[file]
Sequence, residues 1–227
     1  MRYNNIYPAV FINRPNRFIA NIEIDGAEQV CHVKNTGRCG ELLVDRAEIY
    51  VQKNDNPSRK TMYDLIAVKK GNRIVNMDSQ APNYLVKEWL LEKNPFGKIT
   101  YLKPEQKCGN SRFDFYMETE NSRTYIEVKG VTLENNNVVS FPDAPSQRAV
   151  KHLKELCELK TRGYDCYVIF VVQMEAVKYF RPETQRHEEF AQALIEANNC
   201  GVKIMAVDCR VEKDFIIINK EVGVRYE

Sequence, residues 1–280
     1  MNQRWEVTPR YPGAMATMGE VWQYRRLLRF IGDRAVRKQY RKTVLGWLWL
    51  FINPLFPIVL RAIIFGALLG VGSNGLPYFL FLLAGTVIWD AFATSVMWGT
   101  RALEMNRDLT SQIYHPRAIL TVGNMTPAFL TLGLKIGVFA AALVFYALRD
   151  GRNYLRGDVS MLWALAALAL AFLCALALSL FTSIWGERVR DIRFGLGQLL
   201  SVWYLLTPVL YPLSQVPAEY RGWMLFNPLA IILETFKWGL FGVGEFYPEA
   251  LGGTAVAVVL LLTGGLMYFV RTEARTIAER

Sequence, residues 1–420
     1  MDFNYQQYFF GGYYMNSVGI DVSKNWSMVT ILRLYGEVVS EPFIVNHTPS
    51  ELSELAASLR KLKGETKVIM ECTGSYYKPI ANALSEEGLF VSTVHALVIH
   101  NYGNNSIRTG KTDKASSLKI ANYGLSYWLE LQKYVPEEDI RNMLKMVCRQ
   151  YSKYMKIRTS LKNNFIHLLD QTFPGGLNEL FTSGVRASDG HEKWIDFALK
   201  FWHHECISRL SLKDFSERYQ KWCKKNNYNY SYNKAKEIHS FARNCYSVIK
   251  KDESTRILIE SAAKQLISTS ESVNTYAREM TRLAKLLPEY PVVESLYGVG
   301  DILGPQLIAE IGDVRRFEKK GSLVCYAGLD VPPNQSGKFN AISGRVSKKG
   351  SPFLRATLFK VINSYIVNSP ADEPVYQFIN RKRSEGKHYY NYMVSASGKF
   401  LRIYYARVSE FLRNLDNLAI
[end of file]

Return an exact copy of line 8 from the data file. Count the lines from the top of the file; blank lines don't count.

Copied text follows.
     1  MNQRWEVTPR YPGAMATMGE VWQYRRLLRF IGDRAVRKQY RKTVLGWLWL